PS: It's snowing here, so I would love 80 degrees!

Titus said...

A powerful poem.

And best wishes for the healing.

chrisd said...

That's seriously terrible.

I can imagine what my kids will be saying about me. yikes!

This was a beautiful poem about lost childhood. Wow. So very sad.

Syd said...

I am so sorry about your kitten. My cousin killed my kitten with a baseball thrown at it. Resentment was there for a long time. Take care of your hand. You tore my heart on this one.

the walking man said...

I had both hands done and was back to fixing cars 3 months to the day i went off from work.

Was your mother really that unapproachable? Personally at that age i may have set the roll of offending paper a rolling as a fiery mass down the street.

Enchanted Oak said...

As Steve said in his comment up there, "They know not what they do."

My mother was cold and angry a lot when I was a child. She said I made her that way. That upset me for decades.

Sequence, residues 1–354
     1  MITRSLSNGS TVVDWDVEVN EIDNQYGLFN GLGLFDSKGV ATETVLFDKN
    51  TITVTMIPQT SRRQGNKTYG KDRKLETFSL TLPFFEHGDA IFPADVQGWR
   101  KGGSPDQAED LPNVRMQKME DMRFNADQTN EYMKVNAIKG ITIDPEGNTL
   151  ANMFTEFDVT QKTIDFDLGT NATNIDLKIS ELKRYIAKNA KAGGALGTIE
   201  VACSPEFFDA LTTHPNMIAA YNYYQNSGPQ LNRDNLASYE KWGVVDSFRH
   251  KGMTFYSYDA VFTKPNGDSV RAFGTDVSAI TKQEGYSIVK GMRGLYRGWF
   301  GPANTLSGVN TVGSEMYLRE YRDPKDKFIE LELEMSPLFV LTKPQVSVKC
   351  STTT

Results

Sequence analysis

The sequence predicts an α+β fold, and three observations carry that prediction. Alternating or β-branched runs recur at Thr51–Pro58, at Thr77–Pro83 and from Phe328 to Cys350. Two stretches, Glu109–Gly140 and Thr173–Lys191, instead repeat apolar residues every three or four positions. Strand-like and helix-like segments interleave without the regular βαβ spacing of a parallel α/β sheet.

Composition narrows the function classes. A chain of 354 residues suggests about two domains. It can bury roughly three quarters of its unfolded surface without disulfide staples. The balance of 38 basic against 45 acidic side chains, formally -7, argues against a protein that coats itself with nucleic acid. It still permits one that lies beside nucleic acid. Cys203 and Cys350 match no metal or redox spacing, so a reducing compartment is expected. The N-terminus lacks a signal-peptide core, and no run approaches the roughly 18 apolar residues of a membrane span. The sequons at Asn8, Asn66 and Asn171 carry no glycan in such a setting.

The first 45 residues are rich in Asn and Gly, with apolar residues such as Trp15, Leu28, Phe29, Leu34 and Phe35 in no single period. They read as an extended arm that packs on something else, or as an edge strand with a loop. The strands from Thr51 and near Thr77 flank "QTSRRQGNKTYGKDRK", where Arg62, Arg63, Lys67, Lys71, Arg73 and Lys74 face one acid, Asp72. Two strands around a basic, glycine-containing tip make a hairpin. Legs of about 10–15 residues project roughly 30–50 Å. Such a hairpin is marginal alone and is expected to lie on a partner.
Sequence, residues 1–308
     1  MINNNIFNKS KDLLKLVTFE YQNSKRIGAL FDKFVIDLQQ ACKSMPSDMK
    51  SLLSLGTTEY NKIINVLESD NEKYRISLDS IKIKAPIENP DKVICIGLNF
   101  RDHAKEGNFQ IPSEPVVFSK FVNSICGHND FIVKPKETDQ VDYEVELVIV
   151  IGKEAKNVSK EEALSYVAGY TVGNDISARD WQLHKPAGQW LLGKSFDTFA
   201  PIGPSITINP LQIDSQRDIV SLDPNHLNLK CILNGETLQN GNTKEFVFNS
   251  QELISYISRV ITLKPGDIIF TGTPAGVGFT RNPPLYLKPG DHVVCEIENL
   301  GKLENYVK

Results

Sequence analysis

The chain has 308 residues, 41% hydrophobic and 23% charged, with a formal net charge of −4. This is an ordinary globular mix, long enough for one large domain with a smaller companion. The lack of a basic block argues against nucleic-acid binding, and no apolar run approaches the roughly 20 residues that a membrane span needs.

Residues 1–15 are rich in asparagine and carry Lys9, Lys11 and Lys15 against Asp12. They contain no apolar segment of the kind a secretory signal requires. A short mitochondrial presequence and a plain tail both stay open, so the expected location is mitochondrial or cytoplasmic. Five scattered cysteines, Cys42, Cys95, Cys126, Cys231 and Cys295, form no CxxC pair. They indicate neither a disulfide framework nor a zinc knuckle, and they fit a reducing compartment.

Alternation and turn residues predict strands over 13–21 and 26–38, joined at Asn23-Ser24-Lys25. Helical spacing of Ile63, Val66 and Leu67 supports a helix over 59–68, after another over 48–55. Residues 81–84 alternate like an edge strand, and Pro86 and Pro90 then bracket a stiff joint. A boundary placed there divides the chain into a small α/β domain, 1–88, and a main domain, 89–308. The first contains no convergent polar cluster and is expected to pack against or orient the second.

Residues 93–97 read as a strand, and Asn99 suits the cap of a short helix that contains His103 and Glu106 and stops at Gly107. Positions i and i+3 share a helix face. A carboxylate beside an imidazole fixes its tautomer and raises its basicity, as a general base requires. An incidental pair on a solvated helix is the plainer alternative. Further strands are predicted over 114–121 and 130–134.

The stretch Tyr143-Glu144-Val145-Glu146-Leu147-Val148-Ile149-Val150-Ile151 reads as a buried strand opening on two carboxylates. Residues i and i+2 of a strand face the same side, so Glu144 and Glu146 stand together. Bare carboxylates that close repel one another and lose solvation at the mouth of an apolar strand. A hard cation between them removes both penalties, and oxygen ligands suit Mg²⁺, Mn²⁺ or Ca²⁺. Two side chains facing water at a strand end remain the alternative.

She became a different woman in the winter of 1971-72, my senior year of high school. That was the time of the Jesus Movement, which warmed up many members of the Christian faith and caused many nonChristians to proclaim that faith. My mom, a stout-hearted Lutheran, was one of those who was changed.

She found her Savior, and in the span of a few months she became a loving mother to me. For the rest of her life, she was a beautiful mom and a loving woman (most of the time ~ in the late stages of Alzheimer's, she developed a penchant for striking bossy caregivers with her cane).

I changed too. That always helps.

I love you, Mom. I miss you.

Dianne said...

oh kitten,
this will be 3 years I said goodbye, and I am losing something inside.

your mom found a loving God.
glad your hand is once again your own.


Teri and the cats of Curlz and Swirlz said...

This went straight to my heart, being a vet tech. Accidents happen, loss happens but they are easier to bear when one is surrounded by comforting arms and gentle words.

I remember my mom running over our little dog when I was a kid and she was newly divorced, a shaky time anyway. We had gone to the drive in movie and we were asleep in the back of the car (no seatbelts then? Hell, I can't remember). The dog ran into the road, and them my mom ran off the road and got stuck in the sand (desert) was an awful night, still remembered after 47 years...